From floods and droughts to rising seas, humanity faces some serious challenges related to climate change, which vary on timescales from seasons to decades.
Some regions are more vulnerable than others. For example, East Asia is particularly prone to extreme weather events. Rapid economic development in the region has some impact on vulnerability, and the pace of change, together with a growing population, mean the impacts could potentially be unexpected and severe.
Harnessing UK climate science expertise abroad
The UK Met Office has recently been working to develop climate science and climate services through global strategic partnerships with China, harnessing UK scientific expertise. The Climate Science for Service Partnership China (CSSP China) is an academic collaboration between:
- Met Office
- China Meteorological Administration (CMA)
- Institute of Atmospheric Physics at the Chinese Academy of Sciences
Climate services will bridge the gap between information developed by scientists and service providers and the practical needs of climate-sensitive decision-makers in government, industry and society. The services facilitate climate-smart decision-making to:
- mitigate the impacts of climate-related disasters
- improve food, water and energy security outcomes
CSSP China is one project within the Weather and Climate Science for Service Partnership Programme supported by the UK government's Newton Fund. The Newton Fund builds scientific and innovation partnerships with 16 partner countries to support their economic development and social welfare, and to develop their research and innovation capacity for long-term sustainable growth. It has a total UK Government investment of £735 million up until 2021, with matched resources from the partner countries.
Delivering internationally excellent research
There are five CSSP China work packages that are:
- monitoring, attribution and reanalysis
- understanding the global dynamics of climate variability and change
- East Asian climate variability and extremes
- development of models and climate projection systems
- developing climate services to manage risks and opportunities
The programme has been running for two years and supports researchers from across the UK climate science community in their work with Chinese scientists.
The partnership has already had 16 papers published in internationally recognised scientific journals and is starting to develop prototype climate services.
Climate service contributing to climate-smart decision-making
China has a rapidly growing urban population and a growing number of megacities, so there are concerns about the risks posed by climate change.
Flooding is one such risk and so a study is underway to identify the risks to urban flooding from climate change in terms of:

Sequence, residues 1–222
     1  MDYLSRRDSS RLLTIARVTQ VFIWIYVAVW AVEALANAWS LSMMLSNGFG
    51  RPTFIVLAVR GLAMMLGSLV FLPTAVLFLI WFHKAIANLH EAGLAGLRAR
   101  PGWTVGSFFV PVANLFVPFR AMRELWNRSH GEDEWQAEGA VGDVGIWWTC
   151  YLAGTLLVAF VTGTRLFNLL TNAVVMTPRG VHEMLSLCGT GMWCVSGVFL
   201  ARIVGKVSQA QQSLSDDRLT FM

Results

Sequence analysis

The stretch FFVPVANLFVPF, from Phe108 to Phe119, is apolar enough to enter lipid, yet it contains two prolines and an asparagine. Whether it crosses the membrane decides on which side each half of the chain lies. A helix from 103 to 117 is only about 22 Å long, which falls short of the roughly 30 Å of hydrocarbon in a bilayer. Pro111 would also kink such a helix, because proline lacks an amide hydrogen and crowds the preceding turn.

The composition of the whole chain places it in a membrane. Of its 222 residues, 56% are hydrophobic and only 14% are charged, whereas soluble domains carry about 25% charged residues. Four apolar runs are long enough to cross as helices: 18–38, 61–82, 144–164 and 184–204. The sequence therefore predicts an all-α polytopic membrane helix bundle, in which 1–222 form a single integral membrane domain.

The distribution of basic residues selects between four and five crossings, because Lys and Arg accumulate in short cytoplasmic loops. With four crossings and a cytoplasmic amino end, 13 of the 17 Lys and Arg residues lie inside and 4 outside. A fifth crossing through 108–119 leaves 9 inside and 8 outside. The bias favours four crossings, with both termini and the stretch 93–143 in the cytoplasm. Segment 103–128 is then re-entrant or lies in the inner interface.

- intensity of rainstorms
- rising sea level
- high tide
- typhoon induced storm surges
to enable urban planners and communities to improve resilience to flooding.
The project is sharing and adapting London's experiences in developing climate change resilient flood control, to propose a strategy for Shanghai as part of a broader climate change adaptation strategy.
Flooding and energy production
Another highlight of the CSSP China project so far is testing of a prototype climate service for the Three Gorges Dam / Yangtze River region to inform flood and energy management. This could bring immediate benefits for the local population living with the risk of flooding and the wider population who benefit from the electricity produced.
The wider renewable energy sector is also interested in climate services. A joint workshop between the UK and Chinese scientists and Chinese energy sector representatives identified better understanding of climate variability, and improved observational datasets as key services to understand future wind power production, and to provide assurance for financial investments.
Building a strong, sustainable partnership for the future
CSSP China is expected to run for several more years, but the strong partnership with organisations in China at both the working and strategic level will mean collaborations run far beyond that, as will the expected social and economic benefits.
The partnership promotes excellence in research and innovation, bringing science out of the seminar room and into services that improve people's lives, safeguard homes and livelihoods, and support a global effort to improve resilience to our changing climate.
- Dr Nicola Golding, Climate Services Scientist at Met Office: email@example.com
- Dr Chris Hewitt, Head of Climate Service Development and Work Package 5 Project Lead, Met Office: firstname.lastname@example.org
- Dr Vicky Pope, Head of Integration and Growth, Met Office: email@example.com
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